Hepatology at a Glance - Now published
The BSG Education Committee is very pleased to announce that a project that has been in the works since the summer of 2012, "Hepatology at a Glance", has now been published. The BSG Education Committee and BSG Trainees' collaboration with Wiley-Blackwell resulted in the first hepatology edition in this respected series. The opportunity to select authors and editors for the book was one the Committee was happy to accept. We hope you will feel the book is a helpful addition to your ongoing medical education.
Display copies will be available on the BSG stand at DDF and will be available to buy from the Wisepress stand or online.
Nominations for BSG Trainees Committee Representatives
Charlotte Rutter - Chair, BSG Trainees Section
The Trainee Section are looking for two dynamic additions to our team from our Taster Membership. Successful candidates will represent the voice of junior aspiring Gastroenterologists at Trainee Section meetings, play an active part in the many popular events we organise and help shape and improve Gastroenterology training in the UK.
We expect to recruit one Taster Committee Member each from a junior and senior core training grade starting in August 2015. Details and the nomination form can be found below. Nominations will open on 5th May and close on 22nd May 2015.
- Download nomination form [ 30 kb ]
Why did I choose gastroenterology and why would I recommend it?
Dr Philip J Smith, SpR in gastroenterology, London (ST4)
Gastroenterology is one of the most diverse and exciting specialties available to the budding physician who not only relishes the prospect of looking after acutely sick and chronically unwell patients, but also enjoys the challenge of carrying out technical procedures that are sometimes very demanding.
Some specialists deal with a single organ but gastroenterologists manage patients with disorders of the liver, intestines, stomach, oesophagus, pancreas and gallbladder – in short, this is a specialty that is too varied to let you become bored! Having said that, there is 'scope' to become highly specialised in an area of gastroenterology that appeals to you. Either way, you will find that every day is different and dynamic, and this will keep you on your toes.
Gastroenterology has grown faster than any other major specialty, and ongoing scientific and technological developments in this field mean that you are always acquiring new skills and extending your knowledge.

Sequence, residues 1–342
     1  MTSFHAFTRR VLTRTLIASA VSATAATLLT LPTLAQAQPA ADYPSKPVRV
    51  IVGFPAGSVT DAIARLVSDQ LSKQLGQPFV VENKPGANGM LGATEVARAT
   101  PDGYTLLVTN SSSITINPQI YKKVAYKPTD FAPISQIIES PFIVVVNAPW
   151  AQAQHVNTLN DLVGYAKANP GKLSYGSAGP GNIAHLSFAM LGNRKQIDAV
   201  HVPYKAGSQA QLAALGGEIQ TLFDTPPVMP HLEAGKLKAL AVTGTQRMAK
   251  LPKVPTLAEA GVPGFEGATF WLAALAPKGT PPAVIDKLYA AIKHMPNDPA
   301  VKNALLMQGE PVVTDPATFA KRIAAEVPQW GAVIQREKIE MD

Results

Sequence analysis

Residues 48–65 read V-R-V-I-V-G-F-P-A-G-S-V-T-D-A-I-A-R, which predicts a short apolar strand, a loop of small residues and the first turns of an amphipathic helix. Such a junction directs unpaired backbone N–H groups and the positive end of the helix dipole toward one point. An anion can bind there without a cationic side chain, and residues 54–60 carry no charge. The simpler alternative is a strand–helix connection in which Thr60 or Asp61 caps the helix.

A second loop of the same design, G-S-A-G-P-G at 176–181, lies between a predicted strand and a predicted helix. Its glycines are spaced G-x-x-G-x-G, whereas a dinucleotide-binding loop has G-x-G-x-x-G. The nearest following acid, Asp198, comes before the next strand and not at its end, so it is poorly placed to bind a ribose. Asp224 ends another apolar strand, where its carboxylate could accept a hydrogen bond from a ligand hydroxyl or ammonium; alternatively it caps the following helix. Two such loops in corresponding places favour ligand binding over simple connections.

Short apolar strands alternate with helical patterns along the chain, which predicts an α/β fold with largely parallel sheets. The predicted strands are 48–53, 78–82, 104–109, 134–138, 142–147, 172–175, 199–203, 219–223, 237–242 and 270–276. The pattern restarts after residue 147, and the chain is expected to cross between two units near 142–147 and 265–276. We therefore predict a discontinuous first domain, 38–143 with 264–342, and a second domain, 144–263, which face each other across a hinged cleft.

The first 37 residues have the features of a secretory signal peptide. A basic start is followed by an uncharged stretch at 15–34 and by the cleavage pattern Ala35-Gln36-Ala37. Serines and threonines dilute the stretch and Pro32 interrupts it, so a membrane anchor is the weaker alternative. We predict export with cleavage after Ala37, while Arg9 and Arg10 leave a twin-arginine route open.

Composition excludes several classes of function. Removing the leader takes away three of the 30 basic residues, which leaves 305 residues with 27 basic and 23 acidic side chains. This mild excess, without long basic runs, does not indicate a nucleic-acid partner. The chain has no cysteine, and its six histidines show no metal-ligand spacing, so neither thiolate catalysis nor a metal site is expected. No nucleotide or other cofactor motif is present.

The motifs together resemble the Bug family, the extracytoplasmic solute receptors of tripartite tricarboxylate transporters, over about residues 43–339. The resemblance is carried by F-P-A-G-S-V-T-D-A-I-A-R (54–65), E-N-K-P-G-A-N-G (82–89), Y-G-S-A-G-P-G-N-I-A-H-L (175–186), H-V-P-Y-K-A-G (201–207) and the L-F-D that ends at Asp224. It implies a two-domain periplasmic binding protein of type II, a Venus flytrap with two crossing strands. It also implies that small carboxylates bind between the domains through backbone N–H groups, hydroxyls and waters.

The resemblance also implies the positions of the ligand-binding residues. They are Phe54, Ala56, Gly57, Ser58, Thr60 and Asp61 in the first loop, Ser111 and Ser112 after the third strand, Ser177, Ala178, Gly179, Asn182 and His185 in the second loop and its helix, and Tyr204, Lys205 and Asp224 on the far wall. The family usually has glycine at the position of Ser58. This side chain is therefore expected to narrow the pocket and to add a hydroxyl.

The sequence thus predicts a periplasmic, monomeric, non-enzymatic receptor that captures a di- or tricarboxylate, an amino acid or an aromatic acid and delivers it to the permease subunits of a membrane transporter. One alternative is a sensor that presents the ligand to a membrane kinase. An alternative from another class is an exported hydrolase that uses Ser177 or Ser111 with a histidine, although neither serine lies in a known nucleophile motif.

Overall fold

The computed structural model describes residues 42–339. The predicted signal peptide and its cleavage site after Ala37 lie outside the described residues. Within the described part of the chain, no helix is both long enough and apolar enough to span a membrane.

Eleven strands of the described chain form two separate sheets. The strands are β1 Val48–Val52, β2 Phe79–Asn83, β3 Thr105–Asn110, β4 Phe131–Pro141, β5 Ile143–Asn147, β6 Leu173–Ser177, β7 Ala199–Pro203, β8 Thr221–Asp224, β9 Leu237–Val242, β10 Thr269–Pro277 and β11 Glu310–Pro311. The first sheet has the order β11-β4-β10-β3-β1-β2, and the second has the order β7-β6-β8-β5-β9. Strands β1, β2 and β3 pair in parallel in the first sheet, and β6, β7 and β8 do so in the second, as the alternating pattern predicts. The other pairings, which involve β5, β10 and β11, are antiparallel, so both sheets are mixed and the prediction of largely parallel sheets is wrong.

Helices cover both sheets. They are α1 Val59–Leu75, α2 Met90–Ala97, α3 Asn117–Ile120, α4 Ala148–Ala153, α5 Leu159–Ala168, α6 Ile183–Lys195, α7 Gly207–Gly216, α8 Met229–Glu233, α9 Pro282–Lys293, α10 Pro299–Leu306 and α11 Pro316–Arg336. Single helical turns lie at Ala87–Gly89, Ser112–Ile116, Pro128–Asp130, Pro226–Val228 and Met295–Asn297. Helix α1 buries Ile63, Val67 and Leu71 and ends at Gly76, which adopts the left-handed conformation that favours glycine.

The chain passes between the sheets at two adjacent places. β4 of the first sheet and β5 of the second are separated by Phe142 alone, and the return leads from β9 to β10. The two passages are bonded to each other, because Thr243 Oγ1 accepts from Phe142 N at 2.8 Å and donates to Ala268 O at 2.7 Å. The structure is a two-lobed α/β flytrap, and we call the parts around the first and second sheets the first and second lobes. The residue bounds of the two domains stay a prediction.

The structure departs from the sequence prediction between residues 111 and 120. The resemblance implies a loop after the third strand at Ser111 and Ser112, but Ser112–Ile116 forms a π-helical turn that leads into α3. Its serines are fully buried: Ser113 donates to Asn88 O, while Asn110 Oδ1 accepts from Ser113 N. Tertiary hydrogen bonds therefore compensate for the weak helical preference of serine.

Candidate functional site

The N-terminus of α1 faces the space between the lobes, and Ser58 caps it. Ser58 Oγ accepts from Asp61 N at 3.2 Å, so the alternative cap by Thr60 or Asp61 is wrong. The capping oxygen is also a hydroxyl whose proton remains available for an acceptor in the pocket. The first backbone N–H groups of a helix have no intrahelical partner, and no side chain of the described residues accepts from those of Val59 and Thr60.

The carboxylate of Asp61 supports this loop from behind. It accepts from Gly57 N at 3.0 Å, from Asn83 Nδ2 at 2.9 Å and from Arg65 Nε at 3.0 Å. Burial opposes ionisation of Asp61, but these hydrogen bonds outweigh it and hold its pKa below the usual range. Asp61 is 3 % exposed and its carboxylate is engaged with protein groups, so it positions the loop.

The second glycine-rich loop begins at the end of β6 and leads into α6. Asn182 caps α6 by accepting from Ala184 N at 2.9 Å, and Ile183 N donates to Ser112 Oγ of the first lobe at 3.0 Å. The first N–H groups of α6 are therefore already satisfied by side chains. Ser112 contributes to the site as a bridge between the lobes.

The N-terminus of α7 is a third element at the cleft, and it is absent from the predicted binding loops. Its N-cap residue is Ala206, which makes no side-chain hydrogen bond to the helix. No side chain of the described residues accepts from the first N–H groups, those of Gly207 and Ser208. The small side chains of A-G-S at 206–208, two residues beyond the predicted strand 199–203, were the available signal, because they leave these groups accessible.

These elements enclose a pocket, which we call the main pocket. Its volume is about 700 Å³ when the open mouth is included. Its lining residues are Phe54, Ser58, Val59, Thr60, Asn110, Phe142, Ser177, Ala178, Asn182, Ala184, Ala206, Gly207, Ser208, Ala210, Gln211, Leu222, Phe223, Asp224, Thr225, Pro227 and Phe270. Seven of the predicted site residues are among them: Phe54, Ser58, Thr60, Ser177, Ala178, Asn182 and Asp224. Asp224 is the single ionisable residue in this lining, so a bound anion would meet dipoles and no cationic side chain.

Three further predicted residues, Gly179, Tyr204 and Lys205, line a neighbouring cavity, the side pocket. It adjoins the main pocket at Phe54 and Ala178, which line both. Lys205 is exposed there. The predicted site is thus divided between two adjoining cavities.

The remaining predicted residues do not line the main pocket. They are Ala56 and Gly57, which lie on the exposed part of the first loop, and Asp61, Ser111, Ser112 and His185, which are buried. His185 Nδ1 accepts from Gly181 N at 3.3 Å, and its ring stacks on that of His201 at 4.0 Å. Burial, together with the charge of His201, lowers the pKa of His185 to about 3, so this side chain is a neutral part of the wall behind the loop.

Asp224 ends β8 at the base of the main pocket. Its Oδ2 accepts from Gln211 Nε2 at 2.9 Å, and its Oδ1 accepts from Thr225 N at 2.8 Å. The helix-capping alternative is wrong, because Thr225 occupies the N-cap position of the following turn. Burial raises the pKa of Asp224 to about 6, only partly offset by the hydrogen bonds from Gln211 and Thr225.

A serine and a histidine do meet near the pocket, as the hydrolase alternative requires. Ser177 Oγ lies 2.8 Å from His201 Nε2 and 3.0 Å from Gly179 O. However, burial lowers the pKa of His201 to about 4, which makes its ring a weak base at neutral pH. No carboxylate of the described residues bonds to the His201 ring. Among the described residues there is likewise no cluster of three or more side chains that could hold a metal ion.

To be a gastroenterologist, you need to: be adaptable and deal with rapidly changing situations; be energetic and enthusiastic (as well as resilient) to cope with life and death situations; be interested in managing patients with both serious and complex chronic diseases and, most importantly, be a team player.
More than any other specialty, gastroenterologists are constantly interacting with other healthcare professionals as part of multidisciplinary teams – from surgeons, to histopathologists, oncologists, dieticians, nurse endoscopists, radiologists and many more. In short, if all of the above excites you, as it did with me, then gastroenterology is the specialty for you.
Easter Greetings and Meetings! – The CSG meets the BSG
Chinese Society of Gastroenterology and British Society of Gastroenterology meet at the Royal College of Physicians March 27th 2015
One of the great benefits of being a member of a professional society is the networking opportunities which it facilitates. It was very exciting therefore to meet a delegation from the Chinese Society of Gastroenterology, all from different medical centres and universities in the Peoples' Republic of China. Various topics were discussed in an 'East meets West' meeting and this helped confirm the commonality of our specialty interests, but highlighted the different challenges and approaches taken by each nation.